Why Franciscan University Needs to Build a Beautiful Chapel

The decision to scrap a beautifully-designed chapel at Franciscan University of Steubenville was short-sighted and reflects a confusing set of priorities.

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The year is 1205. The young Francis kneels before Our Lord in the humble chapel of San Damiano in the Umbrian valley, where he had taken refuge from the world. Francis later reflected on this encounter, praying: “We adore you, Lord Jesus Christ, in all your churches throughout the world, and we bless you, because by your Holy Cross you have redeemed the world.”

In these simple yet profound words, we have a true reflection of Francis, a man of prayer. The little poor man of Assisi, steeped in the Liturgy of the Church, had borrowed these words from the sacred liturgy of the Lord’s Passion on Good Friday. As I said elsewhere, quoting St. Francis’ most excellent recent biographer Fr. Augustine Thompson, O.P., “The issue he found most pressing was not poverty, not obedience, but proper reverence for the Eucharist.” 

I continued to reflect that St. Francis’ most pressing issue was

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Not immigration, starvation, dehydration, disease, global warming, ecology, or endangered species (unless it be the endangered species of bread and wine unworthily treated); not faux obedience to apostolic exhortations, brain-fever fervorinos, or councils of cardinals; but proper reverence for the Lord in His true Body and Blood, expressed through the careful and devout offering of the Mass, the most worthy vessels and vestments one can supply, signs of adoring love, and an unyielding insistence on penance and renunciation of sin prior to communion. This is what St. Francis believed in; this is what he stood for; this is what his order was meant to believe, say, and do.

Unbeknownst to many outsiders, in 2016 Franciscan University of Steubenville had agreed with McCrery Architects to build a brand-new chapel in the center of campus. This design involved years of planning and was approved by the university president at the time with the guidance of a large committee of well-established theologians and experts in sacred art.

The McCrery proposal takes one’s breath away by its sheer stunning beauty, its fittingness for the sacred liturgy, its perfect conformity to the highest ideals of Catholic art, and its harmony with the spirit of Eucharistic reverence that animated St. Francis himself. Here are some images of what the committee agreed upon:

The architect described the project as follows:

This Chapel is designed to meet the needs of a growing and flourishing student body, by doubling in seating capacity to 600, with the potential to hold 1000, and by providing a beautiful chapel to foster the richness of the spiritual life on campus. The design is inspired by and participates in the tremendously rich Romanesque artistic and architectural tradition. It draws from architectural forms that Saint Francis knew in the Umbrian countryside…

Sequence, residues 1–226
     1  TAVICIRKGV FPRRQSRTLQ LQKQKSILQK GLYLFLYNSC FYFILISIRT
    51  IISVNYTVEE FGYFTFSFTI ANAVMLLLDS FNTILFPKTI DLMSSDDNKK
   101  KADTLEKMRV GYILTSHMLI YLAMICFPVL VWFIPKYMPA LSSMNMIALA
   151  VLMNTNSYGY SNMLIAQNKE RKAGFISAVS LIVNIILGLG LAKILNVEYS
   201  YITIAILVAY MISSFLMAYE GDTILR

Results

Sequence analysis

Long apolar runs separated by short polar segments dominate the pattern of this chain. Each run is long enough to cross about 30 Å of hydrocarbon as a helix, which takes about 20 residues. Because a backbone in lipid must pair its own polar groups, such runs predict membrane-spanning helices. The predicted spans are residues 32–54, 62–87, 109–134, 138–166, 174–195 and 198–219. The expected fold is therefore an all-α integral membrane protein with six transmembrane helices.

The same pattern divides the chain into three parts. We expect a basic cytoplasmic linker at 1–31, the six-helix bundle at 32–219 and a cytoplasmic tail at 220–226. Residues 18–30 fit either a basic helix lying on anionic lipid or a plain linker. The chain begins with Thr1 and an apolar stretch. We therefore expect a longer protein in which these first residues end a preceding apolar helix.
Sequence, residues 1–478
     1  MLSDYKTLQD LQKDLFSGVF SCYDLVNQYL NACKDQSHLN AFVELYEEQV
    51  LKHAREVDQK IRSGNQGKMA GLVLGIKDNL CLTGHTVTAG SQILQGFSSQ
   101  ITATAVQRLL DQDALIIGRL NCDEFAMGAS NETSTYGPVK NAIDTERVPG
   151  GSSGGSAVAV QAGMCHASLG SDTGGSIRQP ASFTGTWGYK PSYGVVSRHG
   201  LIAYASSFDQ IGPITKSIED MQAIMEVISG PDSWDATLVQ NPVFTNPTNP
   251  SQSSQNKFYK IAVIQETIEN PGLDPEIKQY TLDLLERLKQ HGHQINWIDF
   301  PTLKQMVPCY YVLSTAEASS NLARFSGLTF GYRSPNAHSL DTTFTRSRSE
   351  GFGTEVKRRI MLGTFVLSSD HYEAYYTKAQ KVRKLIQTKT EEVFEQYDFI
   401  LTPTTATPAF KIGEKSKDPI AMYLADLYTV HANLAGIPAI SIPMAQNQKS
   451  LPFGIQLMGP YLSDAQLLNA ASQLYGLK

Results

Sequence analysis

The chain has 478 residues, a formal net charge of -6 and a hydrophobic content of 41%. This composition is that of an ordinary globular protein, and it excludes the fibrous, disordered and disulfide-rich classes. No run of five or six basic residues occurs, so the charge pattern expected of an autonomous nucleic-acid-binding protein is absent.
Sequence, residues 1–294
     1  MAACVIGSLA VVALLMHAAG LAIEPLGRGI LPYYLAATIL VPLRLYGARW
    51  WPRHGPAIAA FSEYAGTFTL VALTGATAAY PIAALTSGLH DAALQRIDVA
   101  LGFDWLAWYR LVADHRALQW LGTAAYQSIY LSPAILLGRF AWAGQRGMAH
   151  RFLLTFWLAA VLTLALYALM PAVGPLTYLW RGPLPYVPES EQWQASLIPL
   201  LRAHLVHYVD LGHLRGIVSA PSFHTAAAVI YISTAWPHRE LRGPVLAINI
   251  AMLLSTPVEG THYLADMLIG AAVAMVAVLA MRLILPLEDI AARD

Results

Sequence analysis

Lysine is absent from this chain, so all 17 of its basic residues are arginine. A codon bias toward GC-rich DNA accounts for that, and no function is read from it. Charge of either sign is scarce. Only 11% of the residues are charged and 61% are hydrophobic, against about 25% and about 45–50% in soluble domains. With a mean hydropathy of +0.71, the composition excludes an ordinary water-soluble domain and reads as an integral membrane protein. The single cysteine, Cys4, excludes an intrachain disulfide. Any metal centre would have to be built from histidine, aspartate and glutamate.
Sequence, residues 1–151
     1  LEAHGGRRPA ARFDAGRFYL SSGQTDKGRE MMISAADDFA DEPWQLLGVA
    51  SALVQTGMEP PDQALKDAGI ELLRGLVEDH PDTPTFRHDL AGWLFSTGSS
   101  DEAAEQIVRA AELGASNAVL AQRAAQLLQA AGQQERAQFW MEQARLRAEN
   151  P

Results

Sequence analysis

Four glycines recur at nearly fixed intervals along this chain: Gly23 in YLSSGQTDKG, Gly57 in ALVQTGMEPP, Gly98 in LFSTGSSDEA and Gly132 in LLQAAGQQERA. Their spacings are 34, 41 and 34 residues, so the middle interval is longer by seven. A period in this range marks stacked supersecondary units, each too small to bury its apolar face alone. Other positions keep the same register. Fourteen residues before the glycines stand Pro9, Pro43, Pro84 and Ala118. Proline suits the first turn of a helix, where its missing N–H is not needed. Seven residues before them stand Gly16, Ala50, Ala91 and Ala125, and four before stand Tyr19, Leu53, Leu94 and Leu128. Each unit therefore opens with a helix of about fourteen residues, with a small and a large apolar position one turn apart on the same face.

Appended to the chapel’s overall cross-shaped form are various necessary components: two sacristies, a bell tower, a stair tower, and two further entrance vestibules. Each of these, along with a lower level arcade that opens to the ground level on the north side, assist in marrying the chapel to its landscape. The chapel’s significance is further indicated by a tower at the crossing, surmounted by a circular drum and capped by a conical roof.

This three-dimensional composition arrays the faithful within a traditional form and orients them heavenward. In this sense, the chapel is a physical realization of the university’s mission at the very heart of campus.

This proposal contains many of the elements that mark a sacred space, such as the general plan of the church being cruciform and basilican as opposed to the “eclipse” form of the current chapel. As for the sanctuary, the key components point to the sacredness of the Holy Sacrifice of the Mass, with a ciborium magnum—or baldachin—to highlight the importance of the altar. There is a communion rail for the reverent reception of Holy Communion as well as to mark a clear distinction between the nave and the sanctuary.

All this was perfectly in accord with the wishes of Franciscan’s various constituencies. The former president, Fr. Sean Sheridan, had sent out a detailed questionnaire to all students, staff, faculty, and administration, asking them about priorities for the (then) capital campaign. There were a handful of questions about a chapel and the overwhelming majority expressed a desire for a new chapel designed in a traditional architectural style. Tradition and the vox populi aligned, in perfect accord with the sensus fidelium.